The US EPA has an excellent  page with information on comparing the various air purifying technologies and a guide to issues in indoor air quality.  I know the government info is far from perfect, but these sites are great places to start lo0king for reliable information before moving on to the industry, muck-raking, and alarmist sites that pepper the internet.

Coming Soon:
Dust, Fumes, Smoke, and Fire: Part 2:

A discussion of the health and safety risks surrounding the powdered silver, gold, copper, and bronze used in metal clays.

© 2010 Mary Ellin D’Agostino

By Mary Ellin D’Agostino

People often ask about what they need to fire their silver clay. Do they need a kiln?  Can they use their old ceramic or glass kiln? What kiln should they buy?

Let me say first that silver and gold clays do not care what your heat source is. Heat it long enough and hot enough and you will have a good result. Heat it too hot and it will melt. If it doesn’t get hot enough for a long enough time, it will be brittle. There are many firing options available and all have their pros and cons mostly having to do with expense, convenience, and consistency of use. In this article, I discuss several why or why not you might choose any particular firing method.

Base metal clays have additional issues to consider when firing.  These clays are still in their infancy and the most reliable firings methods are kiln based.  Many metal clay artists and manufacturers are working on coming up with reliable firing alternatives.

Hot Pot: The reason to purchase a Hot Pot is if you are a new user of silver clay, don’t know if you will continue using it, are concerned about using a torch (often this means you are concerned about the open flame or of the possibility of melting your piece), and only firing the low fire metal clays. Hot pots are a good choice for people who match one or more of these criteria. The Hot Pot, WHEN USED CORRECTLY, gives a perfectly adequate firing–I do not recommend it for firing rings or other items that need to be very strong unless the maker has no other firing options. These items should be fired in a kiln for a longer/hotter firing schedule than is recommended by the manufacturers. Even when firing such items with a torch, it is highly recommended that they be fired for longer than one might fire a pendant. The choice to fire twice is often made with a torch and kiln as well as the Hot Pot and reflects more on the particular piece and the person making it than on the type of firing system used. Finally, part of the concern over the Hot Pot may be due to people using the wrong fuel for it. When purchasing replacement fuel, it is important to buy the right kind. Not all gel fuels are the same! Unfortunately this means that the safest choice is to buy the Hot Pot branded fuel as the heating characteristics of gel fuels is not listed on the various brands found in hardware or camping stores. Hot pots are only for low fire silver clays (PMC3 or ArtClay650)!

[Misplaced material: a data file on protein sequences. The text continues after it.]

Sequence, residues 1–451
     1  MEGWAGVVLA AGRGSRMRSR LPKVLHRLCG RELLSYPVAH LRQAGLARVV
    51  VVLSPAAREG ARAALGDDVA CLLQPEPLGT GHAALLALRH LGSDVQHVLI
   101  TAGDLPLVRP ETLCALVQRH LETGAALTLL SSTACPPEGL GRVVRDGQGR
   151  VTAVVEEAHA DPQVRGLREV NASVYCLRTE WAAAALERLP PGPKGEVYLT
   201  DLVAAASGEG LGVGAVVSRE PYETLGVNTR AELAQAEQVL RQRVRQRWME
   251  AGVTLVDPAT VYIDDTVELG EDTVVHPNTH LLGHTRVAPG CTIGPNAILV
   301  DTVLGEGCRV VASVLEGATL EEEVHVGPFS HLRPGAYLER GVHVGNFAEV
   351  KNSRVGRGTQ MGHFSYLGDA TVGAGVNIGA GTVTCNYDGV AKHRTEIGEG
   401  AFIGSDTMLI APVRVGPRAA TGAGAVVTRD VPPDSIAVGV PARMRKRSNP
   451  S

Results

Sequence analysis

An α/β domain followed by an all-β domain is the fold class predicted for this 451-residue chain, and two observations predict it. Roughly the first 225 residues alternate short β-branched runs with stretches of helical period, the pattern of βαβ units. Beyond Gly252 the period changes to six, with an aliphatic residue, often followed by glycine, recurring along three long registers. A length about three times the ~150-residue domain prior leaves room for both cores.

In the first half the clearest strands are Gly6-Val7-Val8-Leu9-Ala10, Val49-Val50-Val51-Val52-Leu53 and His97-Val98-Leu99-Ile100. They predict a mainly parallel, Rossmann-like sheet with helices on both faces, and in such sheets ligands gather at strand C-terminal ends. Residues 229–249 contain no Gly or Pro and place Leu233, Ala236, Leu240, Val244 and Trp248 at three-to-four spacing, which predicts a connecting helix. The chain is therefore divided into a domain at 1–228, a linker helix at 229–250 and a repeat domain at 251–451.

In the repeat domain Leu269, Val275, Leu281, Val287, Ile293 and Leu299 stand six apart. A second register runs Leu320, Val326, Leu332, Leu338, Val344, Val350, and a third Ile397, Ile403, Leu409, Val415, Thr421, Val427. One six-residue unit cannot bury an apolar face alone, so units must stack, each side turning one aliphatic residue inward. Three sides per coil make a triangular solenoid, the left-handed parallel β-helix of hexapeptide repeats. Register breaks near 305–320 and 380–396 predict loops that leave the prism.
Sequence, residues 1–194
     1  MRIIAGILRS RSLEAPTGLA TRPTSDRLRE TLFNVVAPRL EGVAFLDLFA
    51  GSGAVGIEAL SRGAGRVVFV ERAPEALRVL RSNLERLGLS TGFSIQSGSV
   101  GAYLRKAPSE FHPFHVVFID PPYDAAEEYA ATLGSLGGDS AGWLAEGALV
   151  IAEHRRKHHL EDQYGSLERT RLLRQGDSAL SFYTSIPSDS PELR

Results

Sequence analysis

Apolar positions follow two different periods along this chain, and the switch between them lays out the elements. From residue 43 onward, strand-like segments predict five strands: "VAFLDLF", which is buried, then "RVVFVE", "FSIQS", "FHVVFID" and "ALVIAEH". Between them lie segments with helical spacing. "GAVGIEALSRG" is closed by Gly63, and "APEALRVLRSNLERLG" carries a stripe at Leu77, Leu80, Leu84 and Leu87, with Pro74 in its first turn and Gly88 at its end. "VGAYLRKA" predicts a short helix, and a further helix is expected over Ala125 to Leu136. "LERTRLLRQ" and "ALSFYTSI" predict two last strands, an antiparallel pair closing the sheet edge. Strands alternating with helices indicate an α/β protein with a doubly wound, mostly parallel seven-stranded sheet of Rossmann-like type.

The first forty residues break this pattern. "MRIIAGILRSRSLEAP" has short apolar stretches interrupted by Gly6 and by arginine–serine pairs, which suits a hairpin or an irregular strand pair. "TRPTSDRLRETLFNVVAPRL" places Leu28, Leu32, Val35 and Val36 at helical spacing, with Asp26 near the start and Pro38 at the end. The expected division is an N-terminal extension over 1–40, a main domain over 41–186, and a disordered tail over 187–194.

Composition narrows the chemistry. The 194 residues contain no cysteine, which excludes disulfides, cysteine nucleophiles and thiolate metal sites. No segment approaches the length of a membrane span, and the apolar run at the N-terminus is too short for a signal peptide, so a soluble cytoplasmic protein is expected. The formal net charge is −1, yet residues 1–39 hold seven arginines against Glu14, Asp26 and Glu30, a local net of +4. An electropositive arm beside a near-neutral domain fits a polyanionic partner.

Torch: That said, the torch is more versatile and I prefer it for that reason, but many people are concerned about using an open flame. A person using a torch to fire metal clay should be very clear on what is meant by “glowing orange” as many people have under-fired their pieces when their “glowing orange” is different than what experienced metalsmiths and torch fire-ers understand the term to mean. This is one of the biggest drawbacks to learning from books and instructional media. Nothing beats learning from a good experienced teacher in person.